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Addressing Student Concerns Regarding a Remote Family Medicine Clerkship Site

Jeanne Cawse-Lucas, MD, University of Washington School of Medicine


Many medical schools utilize clerkship sites that are separate from their main campus for required clerkships; these sites can be a couple of miles to hundreds of miles away. Evaluating clerkship sites is a challenge that is magnified by distance, as is responding in a timely and appropriate manner to any problems or complaints made by students. Much has been written about how to help a struggling student, but there is very little guidance regarding how to help a struggling clerkship site or how to follow up on student complaints. This article describes a process used to follow up on complaints made about a remote clerkship site.

Our regional medical school places students in community sites across a five-state area, the most distant being about 1,000 miles away. Students complete an electronic evaluation of their clerkship experiences during the last week of the clerkship. Their evaluations are shared with the clerkship sites on a biannual basis and always after the grade has been submitted, unless the student faces a situation that is imminently dangerous. Students are asked to rate their experiences with teaching, curriculum, and patient care as well as site-specific experiences, such as housing, orientation, and whether they were treated with respect.

After multiple student complaints about one site, regarding both behavior and quality of teaching, were received, the clerkship team implemented a comprehensive strategy to evaluate and follow up on the complaints. In addition to reviewing the numerical ratings and comments provided by electronic feedback, the clerkship team obtained a list of all students who had completed the clerkship in the past year and created a survey that included general experiences and honed in on more personal experiences of the clerkship:

  1. Tell me about your clerkship in [site]?
  2. How was the teaching/precepting?
  3. Did anyone shadow you?
  4. How did you feel about the amount of hands-on experience you got?
  5. Did you feel like you had adequate time to do reading and assignments?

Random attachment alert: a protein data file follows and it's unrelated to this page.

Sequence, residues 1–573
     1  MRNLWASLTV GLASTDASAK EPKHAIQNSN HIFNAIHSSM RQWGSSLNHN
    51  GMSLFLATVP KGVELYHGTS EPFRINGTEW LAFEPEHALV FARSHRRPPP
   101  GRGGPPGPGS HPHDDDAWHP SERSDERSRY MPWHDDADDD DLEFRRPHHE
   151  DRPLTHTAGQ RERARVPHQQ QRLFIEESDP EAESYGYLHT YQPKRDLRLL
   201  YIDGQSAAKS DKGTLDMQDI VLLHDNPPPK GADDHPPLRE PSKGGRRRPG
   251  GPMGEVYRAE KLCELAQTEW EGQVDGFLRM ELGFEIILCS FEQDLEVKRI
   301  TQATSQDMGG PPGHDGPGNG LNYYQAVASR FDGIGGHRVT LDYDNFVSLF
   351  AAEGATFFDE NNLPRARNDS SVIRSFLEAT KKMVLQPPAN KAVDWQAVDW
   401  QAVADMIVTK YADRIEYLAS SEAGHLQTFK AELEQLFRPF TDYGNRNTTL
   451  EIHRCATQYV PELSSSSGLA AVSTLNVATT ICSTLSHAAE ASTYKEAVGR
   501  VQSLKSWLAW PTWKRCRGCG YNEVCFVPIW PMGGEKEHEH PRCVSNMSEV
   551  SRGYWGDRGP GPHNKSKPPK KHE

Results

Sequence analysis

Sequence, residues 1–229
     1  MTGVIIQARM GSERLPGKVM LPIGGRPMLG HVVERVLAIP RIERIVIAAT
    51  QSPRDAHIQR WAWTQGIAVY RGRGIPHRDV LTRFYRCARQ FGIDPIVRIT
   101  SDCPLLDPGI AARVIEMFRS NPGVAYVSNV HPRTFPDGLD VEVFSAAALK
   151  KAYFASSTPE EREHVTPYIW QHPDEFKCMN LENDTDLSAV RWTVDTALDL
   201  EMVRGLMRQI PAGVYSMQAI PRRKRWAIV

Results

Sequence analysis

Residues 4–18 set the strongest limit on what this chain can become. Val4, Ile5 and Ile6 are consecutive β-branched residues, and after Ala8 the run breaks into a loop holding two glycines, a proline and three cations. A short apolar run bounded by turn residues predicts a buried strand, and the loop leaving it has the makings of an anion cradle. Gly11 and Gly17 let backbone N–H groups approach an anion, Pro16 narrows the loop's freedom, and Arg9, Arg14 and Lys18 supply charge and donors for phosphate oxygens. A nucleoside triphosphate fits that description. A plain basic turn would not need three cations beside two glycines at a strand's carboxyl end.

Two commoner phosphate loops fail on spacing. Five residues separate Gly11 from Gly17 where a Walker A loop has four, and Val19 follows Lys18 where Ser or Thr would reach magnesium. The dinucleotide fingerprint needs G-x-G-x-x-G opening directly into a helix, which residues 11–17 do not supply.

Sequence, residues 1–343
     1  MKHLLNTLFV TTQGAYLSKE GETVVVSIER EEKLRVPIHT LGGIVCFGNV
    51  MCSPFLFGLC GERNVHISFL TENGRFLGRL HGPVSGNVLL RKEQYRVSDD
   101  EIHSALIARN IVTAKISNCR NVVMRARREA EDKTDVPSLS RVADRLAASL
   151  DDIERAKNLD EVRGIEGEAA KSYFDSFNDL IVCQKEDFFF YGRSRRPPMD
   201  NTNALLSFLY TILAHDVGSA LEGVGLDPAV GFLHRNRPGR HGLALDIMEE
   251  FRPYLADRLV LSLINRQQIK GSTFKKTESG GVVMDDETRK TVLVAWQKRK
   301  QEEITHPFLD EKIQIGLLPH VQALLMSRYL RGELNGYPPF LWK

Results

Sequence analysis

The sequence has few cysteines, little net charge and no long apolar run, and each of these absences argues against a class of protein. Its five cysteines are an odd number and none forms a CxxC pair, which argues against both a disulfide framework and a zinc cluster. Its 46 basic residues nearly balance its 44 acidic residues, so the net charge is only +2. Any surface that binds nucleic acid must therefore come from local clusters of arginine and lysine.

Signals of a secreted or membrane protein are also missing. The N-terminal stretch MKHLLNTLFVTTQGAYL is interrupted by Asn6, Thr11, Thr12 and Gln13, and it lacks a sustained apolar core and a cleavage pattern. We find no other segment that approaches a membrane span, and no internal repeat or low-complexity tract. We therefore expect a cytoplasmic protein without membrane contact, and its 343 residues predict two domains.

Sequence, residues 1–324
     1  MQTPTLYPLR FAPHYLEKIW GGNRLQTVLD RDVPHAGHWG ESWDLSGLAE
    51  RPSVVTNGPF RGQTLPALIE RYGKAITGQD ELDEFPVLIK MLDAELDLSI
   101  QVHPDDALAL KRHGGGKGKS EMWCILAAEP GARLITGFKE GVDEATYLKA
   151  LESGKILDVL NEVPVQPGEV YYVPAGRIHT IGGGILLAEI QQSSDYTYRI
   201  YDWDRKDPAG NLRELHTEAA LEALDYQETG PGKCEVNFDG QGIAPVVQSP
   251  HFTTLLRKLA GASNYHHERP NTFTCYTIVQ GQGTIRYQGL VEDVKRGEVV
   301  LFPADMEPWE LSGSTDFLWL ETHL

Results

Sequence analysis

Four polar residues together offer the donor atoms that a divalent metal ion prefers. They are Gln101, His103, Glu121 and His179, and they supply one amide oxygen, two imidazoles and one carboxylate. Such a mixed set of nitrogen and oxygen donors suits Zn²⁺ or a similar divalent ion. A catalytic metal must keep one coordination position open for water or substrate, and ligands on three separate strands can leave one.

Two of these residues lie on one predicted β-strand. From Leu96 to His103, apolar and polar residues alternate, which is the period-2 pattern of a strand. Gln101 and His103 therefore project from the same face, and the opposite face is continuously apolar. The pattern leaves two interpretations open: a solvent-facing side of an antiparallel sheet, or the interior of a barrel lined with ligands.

6. Did you get a full spectrum family medicine experience?
  7. What was your experience with the residency at the site?
  8. Did you feel that the faculty were aware of and prepared for the curriculum?
  9. Did you get mid and end clerkship feedback?
  10. Did you feel treated with respect? Any experiences that you felt were “off”?
  11. What was it like for you living in [the site]?
  12. What are you up to now?
  13. Where are you from (state of origin, population of hometown)?

Each student was contacted by email to see if they would be willing to do a phone interview or a more in-depth email exchange. They were told that it was part of a routine quality improvement project for the clerkship. Seven students were contacted; five responded, four of whom gave phone interviews, and one did an in-depth email exchange.

The clerkship team created a comprehensive report based on the student survey and in-depth responses. The majority of the feedback was, in fact, positive, but one student had significant concerns about the quantity and quality of teaching, and a second student corroborated the teaching concerns and also had negative experiences with multiple staff members. The site director was then contacted by phone, and the results of the report were reviewed. The clerkship team and site director created an action plan to improve teaching and cultural sensitivity at the site. Since implementation of this plan, no further concerns have been raised at this site.

We found that key strategies for success when addressing a student complaint at a remote site include reviewing institutionally collected data, drilling down with an open-ended survey for students, and sharing this information with site directors in a nonjudgmental way that promotes the creation of an action plan to tackle the issues at hand.

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